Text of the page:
The Department of Defense’s micro-purchase threshold will double, from $5,000 to $10,000, under the 2019 National Defense Authorization Act.
The increase in the DoD micro-purchase threshold will put the DoD on par with civilian agencies after Congress increased the civilian micro-purchase threshold to $10,000 in last year’s NDAA.
For several years, the standard micro-purchase threshold for both DoD and civilian agencies was $3,500. There are some very limited exceptions, such as in certain contingency operations, where significantly larger micro-purchases are permitted.
In the 2017 NDAA, Congress increased the DoD’s micro-purchase threshold to $5,000. Civilian agencies did not get a boost that year. The DoD acted quickly to implement its new micro-purchase authority.
The next year, Congress increased the civilian micro-purchase threshold all the way to $10,000. Now, it was DoD with the smaller micro-purchase threshold–only half that of its civilian counterparts.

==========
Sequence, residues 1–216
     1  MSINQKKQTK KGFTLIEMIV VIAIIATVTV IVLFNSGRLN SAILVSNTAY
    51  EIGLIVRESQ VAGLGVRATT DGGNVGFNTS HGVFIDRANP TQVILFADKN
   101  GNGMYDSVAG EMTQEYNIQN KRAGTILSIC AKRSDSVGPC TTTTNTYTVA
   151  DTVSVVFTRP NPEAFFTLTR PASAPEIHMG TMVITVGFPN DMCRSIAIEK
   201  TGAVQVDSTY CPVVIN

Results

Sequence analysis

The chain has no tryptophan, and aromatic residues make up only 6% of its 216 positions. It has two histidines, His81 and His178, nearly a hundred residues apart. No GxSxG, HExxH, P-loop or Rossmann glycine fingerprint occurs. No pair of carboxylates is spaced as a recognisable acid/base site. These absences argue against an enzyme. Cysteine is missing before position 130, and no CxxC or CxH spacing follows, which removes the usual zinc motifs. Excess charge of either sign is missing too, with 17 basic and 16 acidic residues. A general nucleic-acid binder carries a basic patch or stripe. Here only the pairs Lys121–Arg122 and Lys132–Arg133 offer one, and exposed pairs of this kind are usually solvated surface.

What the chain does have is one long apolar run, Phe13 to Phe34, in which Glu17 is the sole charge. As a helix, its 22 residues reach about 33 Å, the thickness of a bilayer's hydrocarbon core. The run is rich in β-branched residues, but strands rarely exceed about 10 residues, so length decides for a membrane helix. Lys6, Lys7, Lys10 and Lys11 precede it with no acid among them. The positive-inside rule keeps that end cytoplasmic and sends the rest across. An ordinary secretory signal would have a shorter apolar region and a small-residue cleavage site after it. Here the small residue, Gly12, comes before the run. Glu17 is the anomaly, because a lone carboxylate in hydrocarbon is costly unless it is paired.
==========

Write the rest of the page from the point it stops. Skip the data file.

The 2019 NDAA restores parity in micro-purchases by increasing DoD’s micro-purchase threshold from $5,000 to $10,000. Section 821 of the 2019 NDAA simply strikes the portion of the United States Code establishing a $5,000 threshold and replaces it with a sentence reading “The micro-purchase threshold for the Department of Defense is $10,000.” President Trump signed the 2019 NDAA into law earlier this week.
If the 2017 NDAA is any guide, the DoD will implement the new increase quickly, giving its Contracting Officers considerably more flexibility when it comes to lower-dollar acquisitions.
This content originally published on SmallGovCon.
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